If you want to see just how many options there are for tools to help with unit testing in python, check out this listing of python testing tools.  An incredible number of tools available!

Where to Store Your Unit Tests

Based on the flexibility that using unit test runners gives you, you could probably store your unit test files in any location in your Flask application. However, I find it best to store the unit tests (in this case located in the ‘tests’ directory) at the same level as the files that you are going to be testing:

$ tree
├── instance
├── migrations
├── project
│   ├──
│   ├──
│   ├── recipes
│   ├── static
│   ├── templates
│   ├── tests
│   │   ├──
│   │   ├──
│   │   └──
│   └── users
├── requirements.txt

In this structure, the unit tests are stored in the ‘tests’ directory and the unit tests are going to be focused on testing the functionality in the ‘recipes’ and ‘users’ modules, which are at the same level.

Creating a Basic Unit Test File

There are a lot of important principles to follow when writing unit tests, but I really believe it’s important to create an environment that makes writing unit tests easy. I’m a fan of writing unit tests, but I know a lot of software developers that just don’t like it. Therefore, I think it’s important to develop a unit testing structure that has a lot ‘helper’ functions to facilitate writing unit tests.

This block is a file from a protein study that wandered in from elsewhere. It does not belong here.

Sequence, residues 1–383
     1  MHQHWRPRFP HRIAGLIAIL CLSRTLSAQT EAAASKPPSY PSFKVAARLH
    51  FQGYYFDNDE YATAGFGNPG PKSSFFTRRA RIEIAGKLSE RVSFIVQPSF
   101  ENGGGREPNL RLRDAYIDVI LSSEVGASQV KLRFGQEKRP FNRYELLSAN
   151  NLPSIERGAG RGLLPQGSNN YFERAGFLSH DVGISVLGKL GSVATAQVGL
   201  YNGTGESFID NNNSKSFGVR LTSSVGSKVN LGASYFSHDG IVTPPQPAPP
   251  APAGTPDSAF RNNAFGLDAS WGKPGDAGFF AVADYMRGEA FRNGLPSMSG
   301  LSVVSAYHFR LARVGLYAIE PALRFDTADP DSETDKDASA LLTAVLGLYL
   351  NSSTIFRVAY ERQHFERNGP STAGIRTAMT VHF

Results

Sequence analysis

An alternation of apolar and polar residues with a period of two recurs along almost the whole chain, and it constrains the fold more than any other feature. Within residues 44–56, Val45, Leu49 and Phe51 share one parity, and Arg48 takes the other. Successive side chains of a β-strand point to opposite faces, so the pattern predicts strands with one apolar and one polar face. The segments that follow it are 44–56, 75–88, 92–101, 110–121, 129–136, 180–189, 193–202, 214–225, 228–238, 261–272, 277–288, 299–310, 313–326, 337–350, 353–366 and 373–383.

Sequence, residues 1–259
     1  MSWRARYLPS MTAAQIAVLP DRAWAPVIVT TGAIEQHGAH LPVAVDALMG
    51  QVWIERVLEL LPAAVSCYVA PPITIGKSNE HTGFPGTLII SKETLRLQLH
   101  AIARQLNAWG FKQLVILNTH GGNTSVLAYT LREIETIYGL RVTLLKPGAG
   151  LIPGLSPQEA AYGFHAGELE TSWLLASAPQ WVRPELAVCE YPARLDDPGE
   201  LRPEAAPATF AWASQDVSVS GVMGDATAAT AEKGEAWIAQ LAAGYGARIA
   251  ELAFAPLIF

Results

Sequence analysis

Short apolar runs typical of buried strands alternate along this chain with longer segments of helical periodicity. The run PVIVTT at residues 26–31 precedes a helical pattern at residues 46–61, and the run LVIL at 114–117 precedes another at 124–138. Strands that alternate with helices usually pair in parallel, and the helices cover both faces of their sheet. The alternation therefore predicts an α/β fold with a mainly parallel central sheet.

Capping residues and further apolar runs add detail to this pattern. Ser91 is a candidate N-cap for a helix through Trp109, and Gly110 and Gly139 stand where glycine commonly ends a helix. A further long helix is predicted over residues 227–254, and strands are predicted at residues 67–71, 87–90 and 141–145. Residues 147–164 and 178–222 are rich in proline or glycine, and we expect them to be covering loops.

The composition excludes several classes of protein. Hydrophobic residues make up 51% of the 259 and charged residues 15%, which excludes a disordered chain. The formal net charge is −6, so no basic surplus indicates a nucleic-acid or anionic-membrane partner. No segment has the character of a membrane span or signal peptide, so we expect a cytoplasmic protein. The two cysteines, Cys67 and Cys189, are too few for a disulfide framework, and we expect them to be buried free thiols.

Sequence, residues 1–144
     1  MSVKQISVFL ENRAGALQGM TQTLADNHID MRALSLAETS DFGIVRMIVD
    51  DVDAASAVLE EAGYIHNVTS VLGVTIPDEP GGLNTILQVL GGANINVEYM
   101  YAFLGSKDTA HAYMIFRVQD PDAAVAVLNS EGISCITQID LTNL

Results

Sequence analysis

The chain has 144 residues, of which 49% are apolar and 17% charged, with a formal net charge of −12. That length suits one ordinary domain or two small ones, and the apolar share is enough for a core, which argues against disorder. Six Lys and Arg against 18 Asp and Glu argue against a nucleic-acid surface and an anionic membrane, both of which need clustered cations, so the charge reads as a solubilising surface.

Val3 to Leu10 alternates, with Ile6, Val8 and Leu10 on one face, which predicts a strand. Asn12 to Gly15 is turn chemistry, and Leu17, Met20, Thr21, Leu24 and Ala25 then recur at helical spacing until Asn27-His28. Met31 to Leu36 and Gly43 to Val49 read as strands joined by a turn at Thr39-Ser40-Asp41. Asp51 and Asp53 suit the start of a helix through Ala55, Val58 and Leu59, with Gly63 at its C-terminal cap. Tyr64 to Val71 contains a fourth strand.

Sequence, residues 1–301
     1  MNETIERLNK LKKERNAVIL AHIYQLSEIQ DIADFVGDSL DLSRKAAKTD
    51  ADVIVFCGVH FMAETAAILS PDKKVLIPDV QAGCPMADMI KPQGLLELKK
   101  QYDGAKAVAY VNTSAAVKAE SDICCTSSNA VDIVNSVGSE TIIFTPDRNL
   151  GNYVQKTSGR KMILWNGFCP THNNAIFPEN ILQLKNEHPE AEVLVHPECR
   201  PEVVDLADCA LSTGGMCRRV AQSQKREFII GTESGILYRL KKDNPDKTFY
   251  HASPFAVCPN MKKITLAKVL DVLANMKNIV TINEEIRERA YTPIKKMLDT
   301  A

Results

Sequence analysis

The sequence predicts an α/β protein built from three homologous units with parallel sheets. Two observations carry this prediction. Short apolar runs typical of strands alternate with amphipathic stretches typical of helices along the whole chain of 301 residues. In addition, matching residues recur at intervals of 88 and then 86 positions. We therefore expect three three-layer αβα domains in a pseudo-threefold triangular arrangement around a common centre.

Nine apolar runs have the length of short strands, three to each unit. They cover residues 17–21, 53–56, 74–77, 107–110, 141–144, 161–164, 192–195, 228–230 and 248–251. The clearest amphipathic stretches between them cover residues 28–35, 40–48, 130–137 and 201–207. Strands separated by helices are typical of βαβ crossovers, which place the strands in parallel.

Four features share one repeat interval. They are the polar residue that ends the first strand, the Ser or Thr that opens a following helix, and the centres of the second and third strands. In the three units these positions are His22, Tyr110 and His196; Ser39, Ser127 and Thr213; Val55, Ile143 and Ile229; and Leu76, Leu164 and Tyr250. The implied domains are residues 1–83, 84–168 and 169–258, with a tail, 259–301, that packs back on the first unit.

With that in mind, let’s create a simple unit test file that is not testing our Flask application, but is simply showing the structure of a unit test:

# project/

import os
import unittest

from project import app, db, mail

TEST_DB = 'test.db'

class BasicTests(unittest.TestCase):

    #### setup and teardown ####

    # executed prior to each test
    def setUp(self):
        app.config['TESTING'] = True
        app.config['WTF_CSRF_ENABLED'] = False
        app.config['DEBUG'] = False
        app.config['SQLALCHEMY_DATABASE_URI'] = 'sqlite:///' + \
            os.path.join(app.config['BASEDIR'], TEST_DB) = app.test_client()

        # Disable sending emails during unit testing
        self.assertEqual(app.debug, False)

    # executed after each test
    def tearDown(self):

#### tests ####